Well-written and well-designed Hive queries accelerate data retrieval from datasets. In addition, they help bring down processing costs. This is why writing these queries correctly is essential for big data analytics users and developers.
Fully optimized data queries bring you the data you need at a faster rate compared to other available data processing platforms. Efficient and effective queries can reduce execution time by 50%. When your data processing framework runs faster, the benefits stack up.
But what exactly are Hive Queries?
Answering this question starts with understanding precisely what Hive exactly is. Apache Hive is an open-source data warehousing platform developed on top of Hadoop to perform data analysis and distributed processing. Facebook created Apache Hive to decrease the work required in writing the Java MapReduce platform.
Querying and data analysis using Hive is easier and faster than doing the same using the MapReduce framework, even when dealing with large datasets. For simplicity, we’ll focus on MapReduce as the main execution engine, understanding that Hive can also leverage Tez, Tez LLAP, and Spark. MapReduce is a low-level platform and requires multiple custom programs to run. Developers have to be familiar with Java, which is already a complex platform, to fully leverage MapReduce. In contrast, you don’t need to be a Java expert to work with Hive.
Apache Hive Queries Explained
In common usage, a query is simply a request for information. When used within the context of data science and computer programming, a Hive query is the same thing. The difference is that the information comes straight from a database.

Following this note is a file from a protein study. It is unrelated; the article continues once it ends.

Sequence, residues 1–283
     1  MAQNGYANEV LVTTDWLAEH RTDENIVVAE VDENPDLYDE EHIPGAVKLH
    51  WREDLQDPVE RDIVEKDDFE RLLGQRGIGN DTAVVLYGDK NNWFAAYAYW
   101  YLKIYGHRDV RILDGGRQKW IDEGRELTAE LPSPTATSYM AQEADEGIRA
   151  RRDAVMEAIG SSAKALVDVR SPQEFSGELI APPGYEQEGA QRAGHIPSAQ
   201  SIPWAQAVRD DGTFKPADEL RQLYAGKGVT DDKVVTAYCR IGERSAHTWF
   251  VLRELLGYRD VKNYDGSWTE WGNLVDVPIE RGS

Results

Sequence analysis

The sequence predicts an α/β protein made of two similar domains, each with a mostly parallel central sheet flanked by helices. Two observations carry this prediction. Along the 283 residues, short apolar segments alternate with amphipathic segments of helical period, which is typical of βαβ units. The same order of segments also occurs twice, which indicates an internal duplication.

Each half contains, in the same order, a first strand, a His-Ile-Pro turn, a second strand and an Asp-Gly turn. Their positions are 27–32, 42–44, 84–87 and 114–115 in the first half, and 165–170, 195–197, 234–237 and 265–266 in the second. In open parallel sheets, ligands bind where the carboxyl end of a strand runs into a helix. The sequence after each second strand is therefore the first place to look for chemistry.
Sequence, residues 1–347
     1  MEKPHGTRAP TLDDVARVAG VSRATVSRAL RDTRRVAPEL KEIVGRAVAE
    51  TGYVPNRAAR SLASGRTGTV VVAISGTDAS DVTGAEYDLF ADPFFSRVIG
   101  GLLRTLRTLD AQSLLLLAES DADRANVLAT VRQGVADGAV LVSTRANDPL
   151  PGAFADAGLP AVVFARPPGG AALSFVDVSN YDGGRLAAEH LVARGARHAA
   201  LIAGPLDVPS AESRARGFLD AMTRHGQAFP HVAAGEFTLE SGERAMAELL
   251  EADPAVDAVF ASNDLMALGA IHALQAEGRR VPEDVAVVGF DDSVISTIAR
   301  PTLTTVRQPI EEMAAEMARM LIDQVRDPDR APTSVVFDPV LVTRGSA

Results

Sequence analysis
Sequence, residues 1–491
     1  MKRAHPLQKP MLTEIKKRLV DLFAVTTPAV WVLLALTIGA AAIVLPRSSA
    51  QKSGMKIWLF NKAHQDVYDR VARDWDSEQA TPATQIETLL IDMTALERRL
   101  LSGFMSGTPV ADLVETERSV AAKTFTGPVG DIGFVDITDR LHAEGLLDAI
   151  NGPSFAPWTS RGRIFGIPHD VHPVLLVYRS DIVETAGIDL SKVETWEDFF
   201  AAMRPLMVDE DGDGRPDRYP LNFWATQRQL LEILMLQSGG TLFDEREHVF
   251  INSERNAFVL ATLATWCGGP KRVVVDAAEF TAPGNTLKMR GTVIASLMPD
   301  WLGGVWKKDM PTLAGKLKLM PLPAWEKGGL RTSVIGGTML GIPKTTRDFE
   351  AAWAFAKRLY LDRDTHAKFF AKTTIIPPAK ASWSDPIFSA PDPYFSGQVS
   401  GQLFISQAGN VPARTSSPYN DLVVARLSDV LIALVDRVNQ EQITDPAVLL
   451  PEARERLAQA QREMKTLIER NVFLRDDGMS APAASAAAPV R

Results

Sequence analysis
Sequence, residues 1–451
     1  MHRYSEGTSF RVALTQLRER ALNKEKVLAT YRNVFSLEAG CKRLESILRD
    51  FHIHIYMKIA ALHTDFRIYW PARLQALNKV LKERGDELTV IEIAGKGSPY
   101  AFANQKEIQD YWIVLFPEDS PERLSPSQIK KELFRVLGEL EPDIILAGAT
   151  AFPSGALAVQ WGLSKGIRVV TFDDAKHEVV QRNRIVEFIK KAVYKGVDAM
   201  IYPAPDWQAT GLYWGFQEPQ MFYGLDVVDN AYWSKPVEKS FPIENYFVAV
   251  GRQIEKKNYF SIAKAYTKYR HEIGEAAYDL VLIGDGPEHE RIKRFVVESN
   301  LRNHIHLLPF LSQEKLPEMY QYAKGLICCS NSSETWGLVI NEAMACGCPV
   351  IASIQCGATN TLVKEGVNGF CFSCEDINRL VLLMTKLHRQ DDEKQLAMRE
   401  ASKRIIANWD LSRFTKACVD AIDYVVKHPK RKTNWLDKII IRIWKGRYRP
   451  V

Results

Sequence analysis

A Hive query isn’t just a random information request. The information you want to retrieve has to be specific. Thus, you write a Hive query using a set of pre-defined code and in a programming language native to the database. Once the database receives and understands that instruction, it gathers all the information specified in the query and releases the data you requested.
To really derive the most value from your queries, they must be written well and expertly tuned. But before that, let’s dive into the rest of what you need to know about them.
What is Hive Query Language?
The standard programming language used to create database management tasks and processes is called Structured Query Language (SQL). However, SQL is not the only programming language used to perform queries and data analysis using Hive. AQL, Datalog, and DMX are also popular choices.
Hive Query Language, or HiveQL, is a declarative language akin to SQL. What HiveQL does is convert these queries into MapReduce programs. It also enables developers to process and analyze structured and semi-structured data by substituting complicated MapReduce programs with Hive queries.
Any developer who is well acquainted with SQL commands will find it easy to create requests using Hive Query Language.
What are Hive Queries for?
Creation of Partitions, Tables, and Buckets
You can create queries in Hive to categorize large datasets stored in Hadoop files into tables, partitions, and buckets. In each model, you group the same kind of data based on partition or column key. There can be one or more partition keys to help pinpoint a specific partition. Partitioning datasets accelerate queries on data slices.